(Note: This won't be taken into consideration, but maybe it should be. For that matter, why aren't we discussing programs in destination cities? Add Miami, Tulane and San Diego State, and enjoy the annual trips.) 

Of all the options, BYU and Central Florida make a lot of sense, especially if expansion isn't imminent. Chances are both will be exactly where they are in three, five or 10 years from now.

The thing about expansion/realignment, though, is that it seems like it's one step away from happening all over again. 

The Big 12 has held firm that it has no plans to expand. In response to Boren's comments, conference commissioner Bob Bowlsby told Chuck Carlton of the Dallas Morning News that he's not under "the indication that the majority of our presidents feel that way." 

What causes the friction—public, private, imagined, real or otherwise—is that Boren supposedly speaks with the Big 12's collective brain trust in mind, as noted by Jake Trotter of ESPN.com: 

All of this only pushes the narrative that it's nothing short of a miracle that the Big 12 can put one foot in front of the other without tripping. Couple that disconnect with Boren's quote about the Longhorn Network, which he referred to as "the elephant in the room... that has struggled," and there could be conference network discussions driving things in the next decade.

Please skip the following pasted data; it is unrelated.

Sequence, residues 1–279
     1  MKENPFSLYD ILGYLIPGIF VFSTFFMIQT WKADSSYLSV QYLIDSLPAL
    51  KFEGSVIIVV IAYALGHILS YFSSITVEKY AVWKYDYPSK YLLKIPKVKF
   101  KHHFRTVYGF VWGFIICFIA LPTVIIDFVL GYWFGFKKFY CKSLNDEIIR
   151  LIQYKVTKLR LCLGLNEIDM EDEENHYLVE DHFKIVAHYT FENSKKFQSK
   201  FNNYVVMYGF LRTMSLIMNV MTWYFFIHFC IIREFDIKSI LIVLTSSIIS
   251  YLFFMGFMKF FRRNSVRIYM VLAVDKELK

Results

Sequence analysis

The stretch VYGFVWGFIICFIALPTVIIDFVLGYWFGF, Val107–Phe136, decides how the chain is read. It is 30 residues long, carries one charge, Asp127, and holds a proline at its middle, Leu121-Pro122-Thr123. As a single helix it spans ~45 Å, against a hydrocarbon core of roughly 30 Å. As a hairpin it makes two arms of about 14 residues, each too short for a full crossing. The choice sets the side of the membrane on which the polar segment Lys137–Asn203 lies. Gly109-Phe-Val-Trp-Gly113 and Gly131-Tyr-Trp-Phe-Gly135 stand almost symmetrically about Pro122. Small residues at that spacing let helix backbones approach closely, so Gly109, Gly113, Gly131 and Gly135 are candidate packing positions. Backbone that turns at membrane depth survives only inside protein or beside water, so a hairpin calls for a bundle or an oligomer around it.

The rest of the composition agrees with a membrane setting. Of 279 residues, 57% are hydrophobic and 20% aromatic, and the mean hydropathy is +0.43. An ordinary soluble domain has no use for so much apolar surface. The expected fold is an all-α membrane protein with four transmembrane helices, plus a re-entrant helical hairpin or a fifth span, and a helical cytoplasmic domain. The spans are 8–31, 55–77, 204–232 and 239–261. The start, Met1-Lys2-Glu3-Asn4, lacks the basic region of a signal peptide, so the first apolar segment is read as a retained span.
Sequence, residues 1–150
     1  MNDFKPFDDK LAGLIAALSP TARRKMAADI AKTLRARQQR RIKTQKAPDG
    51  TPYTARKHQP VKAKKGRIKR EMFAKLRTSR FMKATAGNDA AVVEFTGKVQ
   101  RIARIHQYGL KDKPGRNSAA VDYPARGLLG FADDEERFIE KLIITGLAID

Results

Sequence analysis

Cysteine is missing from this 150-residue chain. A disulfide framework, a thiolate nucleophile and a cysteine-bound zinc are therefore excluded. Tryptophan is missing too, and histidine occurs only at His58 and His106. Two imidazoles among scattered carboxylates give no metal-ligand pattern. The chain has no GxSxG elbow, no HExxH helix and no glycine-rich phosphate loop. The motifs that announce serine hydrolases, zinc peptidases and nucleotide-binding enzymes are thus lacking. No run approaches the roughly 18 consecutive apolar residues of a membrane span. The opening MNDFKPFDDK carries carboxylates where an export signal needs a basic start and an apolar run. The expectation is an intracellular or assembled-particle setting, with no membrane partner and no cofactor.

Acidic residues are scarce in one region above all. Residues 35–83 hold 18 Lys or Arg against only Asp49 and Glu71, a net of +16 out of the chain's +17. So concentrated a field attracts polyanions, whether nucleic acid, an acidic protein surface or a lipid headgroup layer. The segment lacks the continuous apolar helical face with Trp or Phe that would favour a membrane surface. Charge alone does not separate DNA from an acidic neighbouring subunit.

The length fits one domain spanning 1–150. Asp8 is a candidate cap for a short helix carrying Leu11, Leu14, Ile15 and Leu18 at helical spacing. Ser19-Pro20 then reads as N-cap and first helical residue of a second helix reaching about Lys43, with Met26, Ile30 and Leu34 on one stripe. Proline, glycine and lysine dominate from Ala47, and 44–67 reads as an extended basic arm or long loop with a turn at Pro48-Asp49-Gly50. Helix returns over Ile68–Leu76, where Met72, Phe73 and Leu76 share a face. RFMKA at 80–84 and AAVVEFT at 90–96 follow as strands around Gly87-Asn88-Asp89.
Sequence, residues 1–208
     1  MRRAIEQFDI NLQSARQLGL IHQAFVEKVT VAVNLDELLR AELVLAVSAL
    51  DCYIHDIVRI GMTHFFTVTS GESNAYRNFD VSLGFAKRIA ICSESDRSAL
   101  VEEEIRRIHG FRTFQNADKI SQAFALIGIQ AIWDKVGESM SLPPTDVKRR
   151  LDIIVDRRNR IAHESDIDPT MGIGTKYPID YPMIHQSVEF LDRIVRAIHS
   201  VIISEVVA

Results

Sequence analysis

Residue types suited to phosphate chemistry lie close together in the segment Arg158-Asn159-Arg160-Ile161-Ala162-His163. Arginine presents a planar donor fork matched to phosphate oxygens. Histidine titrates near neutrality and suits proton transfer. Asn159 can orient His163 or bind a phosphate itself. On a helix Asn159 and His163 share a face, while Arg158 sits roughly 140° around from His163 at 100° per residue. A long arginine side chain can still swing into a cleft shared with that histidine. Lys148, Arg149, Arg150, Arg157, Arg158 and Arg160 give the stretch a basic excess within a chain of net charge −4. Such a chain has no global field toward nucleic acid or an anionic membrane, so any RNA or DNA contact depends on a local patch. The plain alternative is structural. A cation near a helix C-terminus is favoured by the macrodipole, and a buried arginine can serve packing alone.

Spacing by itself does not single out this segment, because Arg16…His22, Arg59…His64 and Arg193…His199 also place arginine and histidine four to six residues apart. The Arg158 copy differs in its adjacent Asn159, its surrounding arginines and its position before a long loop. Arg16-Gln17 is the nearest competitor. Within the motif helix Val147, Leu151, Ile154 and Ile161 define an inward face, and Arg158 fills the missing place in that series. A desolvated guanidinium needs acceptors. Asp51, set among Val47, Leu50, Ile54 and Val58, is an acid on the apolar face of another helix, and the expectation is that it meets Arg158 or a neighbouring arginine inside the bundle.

Will the Big 12 expand again? Perhaps; no one is ever sure when the landscape will change again, but no decisions have to be made tomorrow, either. The Big 12 can be more diligent about this. Since there aren't any great options, it's unlikely that anything is imminent. 

The more interesting question, frankly, is whether the Big 12's deep-rooted dysfunction will come back into play in the next 10 years or so, regardless of whether it's a 10-member conference or a 12-member one. That seems more likely to affect the league's future. 

 

Ben Kercheval is a lead writer for college football. All quotes cited unless obtained firsthand. 

Read more College Football news on BleacherReport.com

Alabama's Rise in 2016 Recruiting Class Isn't All Due to Nick Saban

Alabama head coach Nick Saban is unquestionably the face of his Crimson Tide team, and perhaps college football as a whole. The four-time national champion and three-time SEC Coach of the Year is among the most recognizable figures in all of American sports, setting the stage for sustained success on the recruiting trail.

The program entered unprecedented territory last February, securing its fifth consecutive top-ranked class, via 247Sports' composite, on national signing day. The Crimson Tide have landed among the top five on that list every year since 2008, which was Saban's first full cycle with Alabama.